The monodrama Sah El-Nom, directed and performed by Egyptian artist Doaa Hamza, was performed at Osiris on December 23. Osiris aims to bring art back into Egypt by improving communication between young artists and giving them the tools they need in order to create meaningful art.

Sah El-Nom is inspired by the text Il Risveglio (Waking Up) by Italian Nobel Prize winner, playwright, and theatre director Dario Fo.

Fo’s Waking Up was the first of five monologues he wrote in 1977, collectively titled Tutta casa, letto e chiesa (All House, Bed and Church). The monologues are a satirical look at women facing misogyny, an ideology that ebbs and flows as the politics of the time do. While humor is a defining feature of these monologues and serves to induce laughter, it also reminds us that the way the world views women is deeply flawed, and while it may be that time are better now, we could easily sink back into a world that is just as destructive to women.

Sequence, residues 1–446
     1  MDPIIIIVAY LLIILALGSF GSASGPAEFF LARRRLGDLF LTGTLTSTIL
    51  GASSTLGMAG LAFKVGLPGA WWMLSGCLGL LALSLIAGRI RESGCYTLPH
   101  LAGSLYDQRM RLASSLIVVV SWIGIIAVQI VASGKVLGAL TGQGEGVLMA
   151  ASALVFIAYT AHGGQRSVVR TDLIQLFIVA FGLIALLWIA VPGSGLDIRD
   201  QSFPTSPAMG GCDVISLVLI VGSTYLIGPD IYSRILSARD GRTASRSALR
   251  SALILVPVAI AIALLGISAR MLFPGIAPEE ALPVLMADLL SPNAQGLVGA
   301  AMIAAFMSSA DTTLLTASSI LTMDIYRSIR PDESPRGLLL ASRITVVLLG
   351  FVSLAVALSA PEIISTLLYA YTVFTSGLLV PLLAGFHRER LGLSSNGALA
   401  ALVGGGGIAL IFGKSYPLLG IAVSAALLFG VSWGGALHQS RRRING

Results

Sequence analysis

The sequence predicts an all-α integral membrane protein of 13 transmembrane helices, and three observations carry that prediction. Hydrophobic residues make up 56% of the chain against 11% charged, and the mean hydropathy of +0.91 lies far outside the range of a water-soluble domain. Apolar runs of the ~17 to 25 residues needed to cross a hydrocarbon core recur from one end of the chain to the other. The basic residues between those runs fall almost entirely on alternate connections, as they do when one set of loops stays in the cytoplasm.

Doaa Hamza, an actress and storyteller, trained with the Al-Warsha Theatre Troupe and studied at the Actors Studio with Ahmed Kamal. The piece centered on a working class mother talking to her baby, which was a doll. Hamza presented the monodrama as the Egyptian mother, Om Imam, who works at a factory.

“We view her simple daily life through motherhood and marital life.”

However, this is not the first time Hamza has presented this tale. In 2014, she made her directorial debut with Sah El-Nom at the Rawabet Theater in Cairo (in which she also acted). She also directed and starred in the performance at Falaki Theater in 2015, also located in Cairo. The show was then performed at Jesuit Theater, which emphasizes contribution to cultural justice and freedom of expression, and at the El-Ghad Theater in Cairo as part of the National Theatre Festival, where it was presented by the Al-Lu’ba Troupe.

The play represented Egypt at Germany’s Donzdorf International Theatre Festival in 2015, and was performed at Hanager Theater earlier this year.

This post was written by the author in their personal capacity.The opinions expressed in this article are the author’s own and do not reflect the view of The Theatre Times, their staff or collaborators.

This post was written by Madison Parrotta.

The views expressed here belong to the author and do not necessarily reflect our views and opinions.